...Tran responded in the church bulletin [to protests] with a series of strident weekly statements condemning what he called "despising the authority of the local bishop" by refusing his orders to stand, and calling the disobedience a mortal sin, considered the worst kind of offense, usually reserved for acts such as murder.

Tran sent letters to 55 kneeling parishioners "inviting" them to leave the parish and the diocese for, among other things, "creating misleading confusion, division and chaos in the parish by intentional disobedience and opposition to the current liturgical norms."

Father Joe Fenton, spokesman for the Diocese of Orange, said the diocese supports Tran's view that disobeying the anti-kneeling edict is a mortal sin. "That's Father Tran's interpretation, and he's the pastor," he said. "We stand behind Father Tran."

Recipients of Tran's banishment letter said they have declined his "invitation" to depart.

...During a recent Saturday afternoon Mass, dozens of worshippers defiantly knelt after the Agnus Dei. One who didn't was Winifred Mentzer, 84. "I've been standing lately," she later said, "because I'm all the way up front, and I know that the priest is watching. But I'm kneeling in my heart."

Doubtless this will go one for awhile. On the one hand, I'm inclined to say "when in Rome..." and say folks should go along with the teaching of their Bishops. On the other hand, Thomas Howard's Evangelical is Not Enough has resonated with so many of us who understood intuitively that what we do with our bodies during worship matters.

I'll be watching this one with the perspective of someone whose family was given "the left foot of fellowship" from a Baptist church in the early 1970's.

2 comments:

UltraCrepidarian said...

Hmm. I have a strongly Eastern bent in me. The Eastern liturgy has changed less often in the 20 centuries since Jesus left his Apostles behind. Standing all through the Mass is the most ancient posture. So attachment to kneeling, while understandable, is attachment to an innovation, and it doesn't give one old-school-catholic credibility to refuse to stand on the grounds that it's new fangled. It's actually very old-fangled. And Catholics believe that we follow our local bishop's authority. I would definitely stand, in that diocese, and encourage others too, as well.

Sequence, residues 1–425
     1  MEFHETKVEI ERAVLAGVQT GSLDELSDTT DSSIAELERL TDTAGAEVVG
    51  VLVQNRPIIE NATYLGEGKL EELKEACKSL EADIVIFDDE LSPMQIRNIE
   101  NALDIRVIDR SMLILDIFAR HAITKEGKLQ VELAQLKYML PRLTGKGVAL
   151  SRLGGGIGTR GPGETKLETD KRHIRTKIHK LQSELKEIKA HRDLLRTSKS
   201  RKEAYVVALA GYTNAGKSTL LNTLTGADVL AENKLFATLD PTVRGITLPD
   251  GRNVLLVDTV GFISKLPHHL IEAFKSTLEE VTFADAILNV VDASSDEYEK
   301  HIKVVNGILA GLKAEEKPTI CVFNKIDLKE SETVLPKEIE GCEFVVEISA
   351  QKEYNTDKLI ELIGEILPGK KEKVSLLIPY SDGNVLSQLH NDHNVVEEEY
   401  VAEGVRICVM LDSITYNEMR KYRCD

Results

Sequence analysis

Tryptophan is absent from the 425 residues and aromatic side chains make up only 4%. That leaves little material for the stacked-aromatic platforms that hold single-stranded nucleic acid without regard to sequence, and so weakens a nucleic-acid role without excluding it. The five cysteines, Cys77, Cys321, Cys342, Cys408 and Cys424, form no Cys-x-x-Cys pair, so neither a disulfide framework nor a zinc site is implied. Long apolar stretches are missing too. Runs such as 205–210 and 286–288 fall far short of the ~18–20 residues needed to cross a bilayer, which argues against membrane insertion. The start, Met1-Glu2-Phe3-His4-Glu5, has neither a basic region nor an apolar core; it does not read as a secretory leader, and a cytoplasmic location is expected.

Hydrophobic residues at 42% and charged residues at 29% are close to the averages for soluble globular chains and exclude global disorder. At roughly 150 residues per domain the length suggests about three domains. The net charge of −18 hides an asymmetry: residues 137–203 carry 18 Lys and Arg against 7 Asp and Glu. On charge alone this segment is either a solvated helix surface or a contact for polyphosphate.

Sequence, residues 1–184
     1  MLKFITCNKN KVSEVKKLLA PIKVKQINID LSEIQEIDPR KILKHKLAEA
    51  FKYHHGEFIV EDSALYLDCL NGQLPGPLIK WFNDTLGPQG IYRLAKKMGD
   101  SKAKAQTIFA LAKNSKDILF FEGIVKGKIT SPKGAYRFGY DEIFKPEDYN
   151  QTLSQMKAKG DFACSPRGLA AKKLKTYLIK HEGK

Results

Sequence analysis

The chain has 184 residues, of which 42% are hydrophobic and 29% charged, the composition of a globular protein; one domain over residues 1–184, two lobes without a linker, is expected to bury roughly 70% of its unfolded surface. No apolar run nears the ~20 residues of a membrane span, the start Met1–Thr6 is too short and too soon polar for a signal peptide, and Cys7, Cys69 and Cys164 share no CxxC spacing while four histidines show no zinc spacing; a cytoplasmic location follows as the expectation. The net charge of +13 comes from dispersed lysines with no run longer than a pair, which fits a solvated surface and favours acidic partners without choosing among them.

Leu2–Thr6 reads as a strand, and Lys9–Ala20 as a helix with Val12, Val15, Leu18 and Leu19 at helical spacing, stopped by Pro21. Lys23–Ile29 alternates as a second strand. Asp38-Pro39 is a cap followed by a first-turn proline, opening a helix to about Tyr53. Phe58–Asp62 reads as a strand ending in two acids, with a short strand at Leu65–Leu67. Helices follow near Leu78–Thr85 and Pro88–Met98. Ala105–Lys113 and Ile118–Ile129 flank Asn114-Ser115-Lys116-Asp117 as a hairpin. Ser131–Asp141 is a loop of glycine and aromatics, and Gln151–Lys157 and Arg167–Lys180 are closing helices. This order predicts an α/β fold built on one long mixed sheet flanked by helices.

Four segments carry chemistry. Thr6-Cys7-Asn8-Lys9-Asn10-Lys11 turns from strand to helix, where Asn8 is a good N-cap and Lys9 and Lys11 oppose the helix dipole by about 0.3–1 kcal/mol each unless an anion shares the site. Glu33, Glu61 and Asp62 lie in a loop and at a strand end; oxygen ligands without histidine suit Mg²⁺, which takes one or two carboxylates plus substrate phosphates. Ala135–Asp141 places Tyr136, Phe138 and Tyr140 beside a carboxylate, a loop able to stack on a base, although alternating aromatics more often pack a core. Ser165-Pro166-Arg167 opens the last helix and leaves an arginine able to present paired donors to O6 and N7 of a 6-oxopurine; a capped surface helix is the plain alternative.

Nevertheless, I have a soft spot for those who like things "just as they were". I wish the diocese wasn't encouraging the priest to act in such a hard-edged manner,and to try to use gentle means rather than rebuke and rebuff, to encourage his flock.

I like to kneel myself, and would be sad if they stopped it, but I would rather be a faithful catholic, kneeling or not, than make a stink and go against my Bishop.

As far as it being a mortal sin, mortal sin must be grave matter, be committed with full consent, and with complete knowledge. Ignorance of the teaching of the Church might lessen culpability, and as for it being grave matter, if the diocesan bishop concurs that it is grave matter (as it may scandalize the faithful, for instance) then I'd take that rebuke seriously, as it is for the good of those to whom it is offered. Just my $0.02.

St. Elizabeth of Cayce said...

Pretty insightful, UC.

I think that my point was a that it seemed harsh to tell these folks, folks who've hung onto Latin & veils & older Masses that, seemingly out of the blue and not actually required by the GIRM, they had to stop kneeling.

Let's not diagram that last sentence.

The priest's letters to parishioners, esp those on the parish council and the altar servers did seem a bit harsh.

Kneeling seems right when interacting with God, but I approach the sacrament standing. Maybe I've never seem it done otherwise.

Regarding obedience, that was an issue for Izzy and me before our reception/confirmation. We just weren't sure about some things, but decided we could not enter as Cafeteria Catholics. It's made things lots smoother.

I have a feeling we're not the only converts to approach things that way--maybe it's mainly the cradle Catholics who feel OK in dissent.

FYI: I feel I should note that Izzy also has a bit of an Eastern bent. Just another interesting coincidence.

Liz